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I have a question about loop overdubbing: Let's say I record with my looper a simple 2-bar melody or whatever, like:

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then, using the same pedal to overdub it, I record something that is one bar long like:

enter image description here

what will happen? I mean,will the first 2 bars (first recording) play and at the beginning of each bar,the second recording will play?

Or will it just play at the first of the first bar and then the 3rd etc.. ?

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Simple thing to do is try it !! It can always be deleted, and you'll have your answer either way. –  Tim Nov 3 '13 at 15:19
    
I don't own a loop pedal, otherwise I would –  Shevliaskovic Nov 3 '13 at 15:19
    
I was thinking of buying one –  Shevliaskovic Nov 3 '13 at 15:34

3 Answers 3

up vote 3 down vote accepted

Say your first bar is 4 seconds long, so the first recording then becomes 8 secs. The overdub is only 4 secs long, so will only replay alongside the first 4 secs. (1st bar).The second bar remains as original.

They are great fun, and a good tool to have.Make your own backing track in a few minutes, add bass, whatever, and play lead along to yourself.Scrub any mistakes immediately. If you can afford it, go for a twin pedal model, which will give the opportunity to replay different mixes. There's also a quite expensive multi-pedal model.

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I didn't understand the The second bar remains as original. part. I was thinking of buying the Ditto Looper from TC electronic –  Shevliaskovic Nov 3 '13 at 18:11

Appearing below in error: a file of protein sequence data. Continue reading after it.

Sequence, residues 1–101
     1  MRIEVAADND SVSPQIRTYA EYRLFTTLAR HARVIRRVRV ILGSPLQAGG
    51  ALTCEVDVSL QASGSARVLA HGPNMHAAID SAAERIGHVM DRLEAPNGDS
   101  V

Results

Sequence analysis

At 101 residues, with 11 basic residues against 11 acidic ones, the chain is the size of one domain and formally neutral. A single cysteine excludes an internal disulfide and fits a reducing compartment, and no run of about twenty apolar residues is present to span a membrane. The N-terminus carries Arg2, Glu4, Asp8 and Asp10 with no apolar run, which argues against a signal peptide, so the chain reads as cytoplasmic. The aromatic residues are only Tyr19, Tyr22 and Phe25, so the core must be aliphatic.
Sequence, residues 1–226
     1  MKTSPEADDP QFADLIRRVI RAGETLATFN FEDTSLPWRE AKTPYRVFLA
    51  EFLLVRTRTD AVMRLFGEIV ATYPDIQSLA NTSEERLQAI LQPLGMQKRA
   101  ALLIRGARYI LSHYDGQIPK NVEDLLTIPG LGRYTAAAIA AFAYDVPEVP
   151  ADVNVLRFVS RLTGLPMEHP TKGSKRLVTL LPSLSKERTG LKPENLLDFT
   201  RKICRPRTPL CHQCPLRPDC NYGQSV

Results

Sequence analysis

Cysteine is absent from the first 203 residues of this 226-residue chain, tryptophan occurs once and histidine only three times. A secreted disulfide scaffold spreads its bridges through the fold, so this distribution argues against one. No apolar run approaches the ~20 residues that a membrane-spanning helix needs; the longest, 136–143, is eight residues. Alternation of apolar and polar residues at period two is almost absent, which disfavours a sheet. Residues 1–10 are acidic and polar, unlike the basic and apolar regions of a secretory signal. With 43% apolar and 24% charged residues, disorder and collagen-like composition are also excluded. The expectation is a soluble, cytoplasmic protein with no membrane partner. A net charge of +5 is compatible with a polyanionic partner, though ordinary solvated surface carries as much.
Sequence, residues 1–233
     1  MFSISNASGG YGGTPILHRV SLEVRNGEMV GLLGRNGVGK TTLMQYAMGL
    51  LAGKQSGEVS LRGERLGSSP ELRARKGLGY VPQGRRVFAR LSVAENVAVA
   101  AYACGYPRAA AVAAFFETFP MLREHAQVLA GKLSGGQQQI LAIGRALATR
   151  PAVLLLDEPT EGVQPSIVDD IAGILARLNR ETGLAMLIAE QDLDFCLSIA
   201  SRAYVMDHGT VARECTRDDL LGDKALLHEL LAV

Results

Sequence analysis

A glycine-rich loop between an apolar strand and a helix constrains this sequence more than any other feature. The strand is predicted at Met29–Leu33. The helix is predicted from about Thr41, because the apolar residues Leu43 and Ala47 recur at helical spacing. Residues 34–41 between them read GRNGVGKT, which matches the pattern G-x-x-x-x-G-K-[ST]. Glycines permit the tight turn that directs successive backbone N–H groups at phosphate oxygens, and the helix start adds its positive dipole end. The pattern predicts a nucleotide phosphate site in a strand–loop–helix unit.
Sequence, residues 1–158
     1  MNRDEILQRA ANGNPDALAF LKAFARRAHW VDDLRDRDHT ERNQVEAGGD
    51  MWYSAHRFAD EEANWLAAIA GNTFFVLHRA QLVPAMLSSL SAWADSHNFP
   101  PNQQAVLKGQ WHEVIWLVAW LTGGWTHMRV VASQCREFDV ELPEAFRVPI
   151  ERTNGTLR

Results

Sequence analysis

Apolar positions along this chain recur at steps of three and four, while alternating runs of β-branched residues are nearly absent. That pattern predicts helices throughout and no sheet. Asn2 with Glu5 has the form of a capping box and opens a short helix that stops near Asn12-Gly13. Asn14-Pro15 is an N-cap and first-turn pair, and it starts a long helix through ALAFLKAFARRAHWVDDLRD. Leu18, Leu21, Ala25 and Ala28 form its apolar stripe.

The second bar will just play as is, unless you overdub something during the second bar's time.This site is not for recommending gear, however, I do like my Boss RC-30. –  Tim Nov 3 '13 at 18:19

You need a multitrack looper with multi-sync feature (whatever the name).

I know three of them : - Boomerang III - Pigtronix Infinity Looper - Boss RC300 (just guess, for the price...)

In this looper, you can define the shorter loop (n bars) then, let say the second track is defined as 3x as long as the first track, play the longer loop on 3n bars. The 2 tracks will be synchronized.

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Most simple loop pedals don't know about bars - it's just a sound sample of a length you set.

Typically:

  • You start recording by tapping a pedal
  • You play your instrument
  • You mark the end of the loop by tapping the pedal. The length of the loop is now set.
  • The loop keeps playing, over and over.
  • When you overdub, you add sounds to the loop

More advanced loopers with more complicated interfaces allow you to have multiple loops of different lengths. For example with the iOS app "Loopy", you can have several independent loops, with lengths that are whole-number multiples of the base loop, or even completely unsynchronised.

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